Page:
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Mortality and morbidity associated with ambient temperatures in Taiwan

Lin, Yu-Kai, Maharani, Aussie Tahta, Chang, Fang-Tzu, Wang, Yu-Chun
The Science of the total environment 2019 v.651 pp. 210-217
ambient temperature, cities, confidence interval, elderly, health services, meta-analysis, morbidity, mortality, nonlinear models, public health, risk, socioeconomic factors, Taiwan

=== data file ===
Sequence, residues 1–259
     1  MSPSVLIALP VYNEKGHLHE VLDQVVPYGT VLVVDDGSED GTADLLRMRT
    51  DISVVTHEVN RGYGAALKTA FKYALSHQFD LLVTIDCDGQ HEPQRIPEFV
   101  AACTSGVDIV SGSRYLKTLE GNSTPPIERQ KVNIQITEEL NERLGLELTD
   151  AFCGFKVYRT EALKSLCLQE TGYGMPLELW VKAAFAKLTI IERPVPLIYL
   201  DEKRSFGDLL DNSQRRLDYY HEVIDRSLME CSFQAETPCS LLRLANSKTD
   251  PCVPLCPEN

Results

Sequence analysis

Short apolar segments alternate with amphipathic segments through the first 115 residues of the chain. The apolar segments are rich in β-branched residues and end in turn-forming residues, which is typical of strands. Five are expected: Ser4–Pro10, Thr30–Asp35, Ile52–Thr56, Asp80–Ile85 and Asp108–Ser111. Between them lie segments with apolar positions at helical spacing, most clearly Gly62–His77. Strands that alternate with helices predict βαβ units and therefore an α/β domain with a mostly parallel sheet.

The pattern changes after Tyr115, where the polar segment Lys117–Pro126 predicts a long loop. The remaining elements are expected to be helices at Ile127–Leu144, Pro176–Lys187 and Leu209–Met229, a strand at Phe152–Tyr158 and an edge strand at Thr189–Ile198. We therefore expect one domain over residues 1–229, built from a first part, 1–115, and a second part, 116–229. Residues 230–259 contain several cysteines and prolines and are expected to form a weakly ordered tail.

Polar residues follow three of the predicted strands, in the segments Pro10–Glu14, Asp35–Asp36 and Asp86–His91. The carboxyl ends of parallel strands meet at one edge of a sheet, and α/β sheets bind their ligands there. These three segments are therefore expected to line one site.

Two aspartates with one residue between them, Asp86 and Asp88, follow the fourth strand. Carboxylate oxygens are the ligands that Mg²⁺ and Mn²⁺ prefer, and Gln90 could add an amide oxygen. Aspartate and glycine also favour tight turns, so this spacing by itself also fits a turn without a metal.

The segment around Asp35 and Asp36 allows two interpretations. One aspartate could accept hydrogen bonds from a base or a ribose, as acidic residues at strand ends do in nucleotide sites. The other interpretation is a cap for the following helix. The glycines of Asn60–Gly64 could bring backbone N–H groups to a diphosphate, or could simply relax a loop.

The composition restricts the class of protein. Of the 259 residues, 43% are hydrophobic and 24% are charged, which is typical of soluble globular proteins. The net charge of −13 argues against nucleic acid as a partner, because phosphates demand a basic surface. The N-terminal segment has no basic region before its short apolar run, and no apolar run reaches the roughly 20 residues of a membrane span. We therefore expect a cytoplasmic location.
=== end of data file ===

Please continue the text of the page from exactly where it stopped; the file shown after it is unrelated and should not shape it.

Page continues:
This study evaluated integrated risks of all-cause mortality, emergency room visits (ERVs), and outpatient visits associated with ambient temperature in all cities and counties of Taiwan. In addition, the modifying effects of socio-economic and environmental factors on temperature-health associations were also evaluated.A distributed lag non-linear model was applied to estimate the cumulative relative risks (RRs) with confidence intervals of all-cause mortality, ERVs, and outpatient visits associated with extreme temperature events. Random-effect meta-analysis was used to estimate the pooled RR of all-cause mortality, ERVs, and outpatient visits influenced by socio-economic and environmental factors.Temperature-related risks varied with study area and health outcome. Meta-analysis showed greater all-cause mortality risk occurred in low temperatures than in high temperatures. Integrated RR of all-cause mortality was 1.71 (95% confidence interval [CI]:1.43–2.04) in the 5th percentile temperature and 1.10 (95% CI: 1.05–1.15) in the 95th percentile temperature, while the lowest mortality risk was in the 60th percentile temperature (22.2 °C). Risk for ERVs increased when temperature increased (RR was 1.21 [95% CI: 1.17–1.26] in 95th percentile temperature), but risk of outpatient visits increased at low temperatures (RR was 1.06 [95% CI: 1.01–1.12] in the 5th percentile temperature). Certain socio-economic factors significantly modified low-temperature-related mortality risks, including number of employed populations, elders living alone from lower-income families, and public and medical services.This study found that mortality and outpatient visits were higher at low temperature, while ERVs risk was higher at high temperature. Future plans for public health and emerging medical services responding to extreme temperatures should consider regional and integrated evaluations of temperature-related health risks and modifying factors.